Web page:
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WHO predicts 94 per cent decreasein COVID-19 deaths in Africa

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WORLD Health Organisation (WHO) has predicted a 94 per cent decrease in COVID-19 deaths in Africa  in 2022 compared to year,  2021.

  The WHO Regional Director for Africa, Matshidiso Moeti who disclosed this   at a virtual press conference, said that despite the new WHO modelling projection compared with 2021 – the pandemic’s most lethal – actual cases are estimated to drop by a little over a quarter in 2022.

  “The low number of deaths expected this year is a huge achievement for the region and a testament to the efforts of countries and partners, that’s down from a catastrophically high average of 970 fatalities each day in 2021 to around 60 a day by the end of 2022.

  “However, the job is not yet done. Every time we sit back and relax, COVID-19 flares up again. The threat of new variants remains real, and we need to be ready to cope with this ever-present danger,” Moeti cautioned.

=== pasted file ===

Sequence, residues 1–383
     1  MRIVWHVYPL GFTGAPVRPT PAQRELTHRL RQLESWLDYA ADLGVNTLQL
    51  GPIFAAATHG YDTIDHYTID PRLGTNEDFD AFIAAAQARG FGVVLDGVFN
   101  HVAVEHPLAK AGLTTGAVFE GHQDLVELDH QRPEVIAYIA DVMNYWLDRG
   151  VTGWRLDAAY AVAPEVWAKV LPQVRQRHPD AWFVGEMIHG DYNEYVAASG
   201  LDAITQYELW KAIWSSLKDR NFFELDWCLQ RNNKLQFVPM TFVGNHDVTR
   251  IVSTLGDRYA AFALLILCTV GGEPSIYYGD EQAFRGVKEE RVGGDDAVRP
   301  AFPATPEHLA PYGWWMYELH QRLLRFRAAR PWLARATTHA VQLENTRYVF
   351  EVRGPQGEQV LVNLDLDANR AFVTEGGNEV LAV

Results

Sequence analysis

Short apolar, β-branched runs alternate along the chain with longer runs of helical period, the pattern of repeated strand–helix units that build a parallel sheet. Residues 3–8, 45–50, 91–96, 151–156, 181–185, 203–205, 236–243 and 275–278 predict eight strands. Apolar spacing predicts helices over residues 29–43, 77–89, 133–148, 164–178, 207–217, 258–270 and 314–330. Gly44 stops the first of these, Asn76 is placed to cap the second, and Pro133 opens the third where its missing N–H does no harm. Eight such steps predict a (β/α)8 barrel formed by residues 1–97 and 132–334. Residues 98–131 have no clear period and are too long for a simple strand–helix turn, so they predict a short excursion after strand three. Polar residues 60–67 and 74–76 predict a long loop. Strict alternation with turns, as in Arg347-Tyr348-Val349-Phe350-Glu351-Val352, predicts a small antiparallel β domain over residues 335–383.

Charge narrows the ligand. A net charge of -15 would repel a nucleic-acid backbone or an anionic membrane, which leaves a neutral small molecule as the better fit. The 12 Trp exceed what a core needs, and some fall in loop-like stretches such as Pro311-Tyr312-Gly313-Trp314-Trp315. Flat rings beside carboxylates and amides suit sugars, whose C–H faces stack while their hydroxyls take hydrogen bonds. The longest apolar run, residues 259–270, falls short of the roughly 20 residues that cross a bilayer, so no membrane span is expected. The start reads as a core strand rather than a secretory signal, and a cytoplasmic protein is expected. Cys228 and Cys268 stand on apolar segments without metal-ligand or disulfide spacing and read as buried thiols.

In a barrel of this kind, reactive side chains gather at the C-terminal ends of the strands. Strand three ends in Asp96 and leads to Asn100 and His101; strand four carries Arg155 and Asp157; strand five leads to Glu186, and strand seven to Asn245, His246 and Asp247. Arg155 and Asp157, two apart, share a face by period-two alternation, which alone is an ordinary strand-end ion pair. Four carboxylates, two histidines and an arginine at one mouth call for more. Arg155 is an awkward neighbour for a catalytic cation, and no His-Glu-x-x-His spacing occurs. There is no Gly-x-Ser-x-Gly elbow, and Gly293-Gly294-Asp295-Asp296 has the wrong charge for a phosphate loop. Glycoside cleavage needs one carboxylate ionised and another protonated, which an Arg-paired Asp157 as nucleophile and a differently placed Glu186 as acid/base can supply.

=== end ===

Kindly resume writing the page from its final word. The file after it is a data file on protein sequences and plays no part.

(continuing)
The decline in cases and deaths in 2022 is due to increasing vaccinations, improved pandemic responses and natural immunity from previous infections that, while not preventing re-infections, stop severe forms of the disease leading to death.

  “The significant increase in 2021 was due to the more infectious and severe Delta variant. We have learnt many lessons on how to stay a step ahead of the virus. Now is the time to refine our response and identify populations most at-risk of COVID-19.

  “Countries must intensify efforts to conduct a targeted response that provides the most vulnerable people with the health services they need, including COVID-19 vaccines and effective treatment,” Moeti said. 

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